“These hardy voyageurs or half-breeds…came up with the North-West Company, and…married Indian women, their progeny also becoming British soldiers or attachés of the fur company in various capacities … Some were proud recipients of medals still treasured by their descendants and gained for bravery at Plattsburgh and other historic battlefields, and some carried wounds received while gallantly upholding British supremacy. They were in the front of battle during the stirring scenes of Mackinaw, St. Joseph Island, Sault Ste. Marie and other sanguinary points during the war of 1812-15. This is a testimony more eloquent than words to the loyalty and worth of the ancestors of the settlers around Penetanguishene.”

– William Rawson (son of Sergeant Santlaw Rawson, a British soldier in the War of 1812), quoted in, The Migration of Voyageurs from Drummond Island to Penetanguishene in 1828 by A. C. Osborne in Ontario Historical Society: Papers and Records. v.3, 1901 p. 123-166.

Historians often portray the War of 1812 as one theatre in the much larger conflict created by the ambitions of Napoleon Bonaparte, who, in the early part of the 1800s led France in a series of wars against several European nations. In an effort to contain Napoleon, Britain blockaded continental Europe, interfering with American commerce and providing the United States with the justification for war. A war with Britain in North America also conveniently supported American ambitions in the Great Lakes region to displace First Nations aligned with the British, and potentially to annex the entirety of British North America into the American union.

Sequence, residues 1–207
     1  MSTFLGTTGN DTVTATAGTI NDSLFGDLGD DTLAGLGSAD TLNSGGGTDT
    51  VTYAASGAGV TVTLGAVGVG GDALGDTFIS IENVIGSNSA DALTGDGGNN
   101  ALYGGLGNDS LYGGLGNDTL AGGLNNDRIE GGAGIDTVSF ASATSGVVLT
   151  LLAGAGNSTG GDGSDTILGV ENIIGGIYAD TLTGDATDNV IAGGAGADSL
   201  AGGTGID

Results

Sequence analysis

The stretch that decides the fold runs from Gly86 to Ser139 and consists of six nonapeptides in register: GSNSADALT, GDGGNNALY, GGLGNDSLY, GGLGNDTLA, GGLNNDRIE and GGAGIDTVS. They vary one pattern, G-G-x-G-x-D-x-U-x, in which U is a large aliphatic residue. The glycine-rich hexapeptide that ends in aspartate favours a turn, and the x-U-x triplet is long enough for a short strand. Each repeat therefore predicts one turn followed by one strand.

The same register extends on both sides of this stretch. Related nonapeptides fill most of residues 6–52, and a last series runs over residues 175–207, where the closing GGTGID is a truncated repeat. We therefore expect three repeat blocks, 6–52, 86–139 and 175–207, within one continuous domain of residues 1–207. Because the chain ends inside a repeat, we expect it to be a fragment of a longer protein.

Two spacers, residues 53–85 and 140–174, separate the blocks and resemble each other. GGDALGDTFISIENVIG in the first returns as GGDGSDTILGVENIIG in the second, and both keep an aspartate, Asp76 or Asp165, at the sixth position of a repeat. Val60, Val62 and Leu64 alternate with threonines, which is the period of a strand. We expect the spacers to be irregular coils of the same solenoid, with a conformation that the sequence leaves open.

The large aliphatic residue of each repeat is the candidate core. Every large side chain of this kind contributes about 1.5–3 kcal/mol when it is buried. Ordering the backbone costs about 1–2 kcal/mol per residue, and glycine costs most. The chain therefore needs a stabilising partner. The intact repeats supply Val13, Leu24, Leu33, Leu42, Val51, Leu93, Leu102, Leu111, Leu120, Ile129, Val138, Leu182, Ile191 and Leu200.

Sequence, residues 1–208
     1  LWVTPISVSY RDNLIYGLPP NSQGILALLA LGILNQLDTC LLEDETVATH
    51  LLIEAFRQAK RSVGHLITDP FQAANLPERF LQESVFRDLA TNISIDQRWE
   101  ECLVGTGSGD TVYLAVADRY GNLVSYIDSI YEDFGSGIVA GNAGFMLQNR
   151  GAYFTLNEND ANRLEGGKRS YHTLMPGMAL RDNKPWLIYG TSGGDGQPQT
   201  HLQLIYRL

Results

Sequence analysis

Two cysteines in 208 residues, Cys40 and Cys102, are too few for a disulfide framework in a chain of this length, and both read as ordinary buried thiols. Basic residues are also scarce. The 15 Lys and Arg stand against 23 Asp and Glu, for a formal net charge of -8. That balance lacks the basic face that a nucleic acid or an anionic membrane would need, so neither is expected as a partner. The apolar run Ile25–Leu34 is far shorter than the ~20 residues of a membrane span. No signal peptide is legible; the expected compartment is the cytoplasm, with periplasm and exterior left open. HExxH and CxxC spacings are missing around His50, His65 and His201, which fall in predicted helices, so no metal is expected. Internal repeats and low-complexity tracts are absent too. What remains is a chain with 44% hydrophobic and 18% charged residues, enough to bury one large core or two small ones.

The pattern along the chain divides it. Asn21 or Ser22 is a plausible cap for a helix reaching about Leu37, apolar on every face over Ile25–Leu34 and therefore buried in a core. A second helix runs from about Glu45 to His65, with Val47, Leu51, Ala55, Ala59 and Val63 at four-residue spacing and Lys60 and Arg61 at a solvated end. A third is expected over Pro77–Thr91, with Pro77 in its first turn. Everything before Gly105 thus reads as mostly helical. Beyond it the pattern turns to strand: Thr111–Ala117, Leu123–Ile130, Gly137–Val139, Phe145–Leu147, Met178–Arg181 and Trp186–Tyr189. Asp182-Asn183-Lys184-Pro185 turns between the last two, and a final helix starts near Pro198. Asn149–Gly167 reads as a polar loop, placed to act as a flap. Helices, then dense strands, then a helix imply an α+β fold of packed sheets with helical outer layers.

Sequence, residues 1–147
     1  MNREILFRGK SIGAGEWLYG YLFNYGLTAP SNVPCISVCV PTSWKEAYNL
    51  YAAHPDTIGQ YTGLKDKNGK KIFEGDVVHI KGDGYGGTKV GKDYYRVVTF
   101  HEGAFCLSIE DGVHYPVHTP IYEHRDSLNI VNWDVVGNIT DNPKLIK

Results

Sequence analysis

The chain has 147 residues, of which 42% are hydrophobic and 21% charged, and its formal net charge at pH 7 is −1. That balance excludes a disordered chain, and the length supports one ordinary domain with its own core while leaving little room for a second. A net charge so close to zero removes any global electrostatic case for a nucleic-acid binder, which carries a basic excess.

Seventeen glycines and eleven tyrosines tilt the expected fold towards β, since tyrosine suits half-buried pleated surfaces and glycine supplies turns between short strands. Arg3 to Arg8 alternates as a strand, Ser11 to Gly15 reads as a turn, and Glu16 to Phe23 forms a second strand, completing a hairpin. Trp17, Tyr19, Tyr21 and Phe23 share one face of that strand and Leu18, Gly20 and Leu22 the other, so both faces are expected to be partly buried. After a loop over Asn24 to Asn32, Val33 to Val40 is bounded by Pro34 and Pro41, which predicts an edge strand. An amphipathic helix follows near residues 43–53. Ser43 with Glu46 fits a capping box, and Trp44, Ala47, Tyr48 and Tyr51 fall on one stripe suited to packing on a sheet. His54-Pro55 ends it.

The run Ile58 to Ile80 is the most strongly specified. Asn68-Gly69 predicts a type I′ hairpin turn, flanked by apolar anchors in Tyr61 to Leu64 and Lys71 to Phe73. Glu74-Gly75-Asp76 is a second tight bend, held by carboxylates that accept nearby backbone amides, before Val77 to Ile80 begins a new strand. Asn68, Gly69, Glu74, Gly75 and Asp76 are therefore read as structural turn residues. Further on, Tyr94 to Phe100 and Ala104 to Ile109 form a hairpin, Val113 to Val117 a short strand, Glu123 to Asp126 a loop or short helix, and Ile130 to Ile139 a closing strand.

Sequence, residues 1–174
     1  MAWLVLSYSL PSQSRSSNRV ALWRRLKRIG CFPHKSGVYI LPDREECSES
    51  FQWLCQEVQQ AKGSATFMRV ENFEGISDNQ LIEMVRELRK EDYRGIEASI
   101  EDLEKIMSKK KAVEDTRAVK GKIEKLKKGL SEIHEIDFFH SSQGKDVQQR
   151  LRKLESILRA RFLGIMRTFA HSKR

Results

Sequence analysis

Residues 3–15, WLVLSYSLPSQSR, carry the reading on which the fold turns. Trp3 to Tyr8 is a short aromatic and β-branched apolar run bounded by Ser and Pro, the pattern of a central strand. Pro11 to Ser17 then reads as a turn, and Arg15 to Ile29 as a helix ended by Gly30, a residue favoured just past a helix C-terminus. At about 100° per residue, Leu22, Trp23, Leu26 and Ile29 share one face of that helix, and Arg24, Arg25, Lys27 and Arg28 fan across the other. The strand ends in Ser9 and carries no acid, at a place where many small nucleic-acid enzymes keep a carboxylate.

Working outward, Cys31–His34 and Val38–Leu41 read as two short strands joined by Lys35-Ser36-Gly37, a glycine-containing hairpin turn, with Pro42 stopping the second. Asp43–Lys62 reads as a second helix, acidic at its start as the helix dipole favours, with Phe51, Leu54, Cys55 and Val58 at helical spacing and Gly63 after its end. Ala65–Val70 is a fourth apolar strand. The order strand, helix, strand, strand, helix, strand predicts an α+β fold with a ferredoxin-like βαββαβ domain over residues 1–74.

While the causes of the war may have been outside of Canada’s borders, this has not prevented Canadians from viewing the repulsion of the American invasions of 1812-14 as the foundation of modern Canada. Due to its conflict with Napoleon, Britain could only provide a small contingent of troops to defend Canada, and these troops by themselves would surely have failed without the support of the Métis, First Nations and local Canadian militias. The spirited defence of Canada by all these groups contributed to a distinctive Canadian identity, but until very recently, Métis contributions during the War of 1812 have not been well known or recognized.

By the early 1800s, the Métis were already a distinct people whose role in the fur trade was crucial to the Canadian economy. Living in large numbers throughout the Great Lakes region, which would be the location of most of the key battles of the war, the Métis could not help but be involved. Due to the potential disruption to their culture and economic well-being by an American takeover, and their close relationship with First Nations, who generally favoured the British, most (although not all) Métis fought on the Canadian side during the war. Métis fought in most battles–sometimes as part of militia units or beside First Nations–and they served in other capacities as well.

Some units were mostly composed of Métis, such as the Corps of Canadian Voyageurs; the Mississippi Volunteers, a group of voyageurs recruited on the spot in Prairie du Chien to aid in the attack; and the Michigan Fencibles, raised at Mackinac Island in 1813, initially consisting of 50 voyageurs. The Fencibles and the Volunteers were part of the Canadian Embodied Militia that attacked Prairie du Chien, Wisconsin in 1814. The War of 1812 is central to the development of Canadian nationhood and the Métis involvement in the war is an example of how the Métis, along with First Nations and European newcomers, are among Canada’s founding peoples.